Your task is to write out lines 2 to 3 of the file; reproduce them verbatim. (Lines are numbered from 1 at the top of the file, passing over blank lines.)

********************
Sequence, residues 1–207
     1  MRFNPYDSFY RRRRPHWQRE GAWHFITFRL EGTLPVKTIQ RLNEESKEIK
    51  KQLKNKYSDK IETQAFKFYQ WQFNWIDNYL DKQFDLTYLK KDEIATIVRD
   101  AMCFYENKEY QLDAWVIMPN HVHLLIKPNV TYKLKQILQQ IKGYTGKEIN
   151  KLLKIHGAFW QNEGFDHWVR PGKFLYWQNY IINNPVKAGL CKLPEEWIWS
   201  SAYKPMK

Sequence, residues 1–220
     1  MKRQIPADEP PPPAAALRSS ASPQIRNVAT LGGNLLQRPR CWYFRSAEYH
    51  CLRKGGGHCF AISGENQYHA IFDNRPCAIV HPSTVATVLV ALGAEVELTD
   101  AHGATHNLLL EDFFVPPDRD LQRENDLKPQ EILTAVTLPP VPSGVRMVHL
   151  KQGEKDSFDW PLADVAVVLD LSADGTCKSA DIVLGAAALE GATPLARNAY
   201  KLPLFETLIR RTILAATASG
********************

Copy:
     1  MRFNPYDSFY RRRRPHWQRE GAWHFITFRL EGTLPVKTIQ RLNEESKEIK
    51  KQLKNKYSDK IETQAFKFYQ WQFNWIDNYL DKQFDLTYLK KDEIATIVRD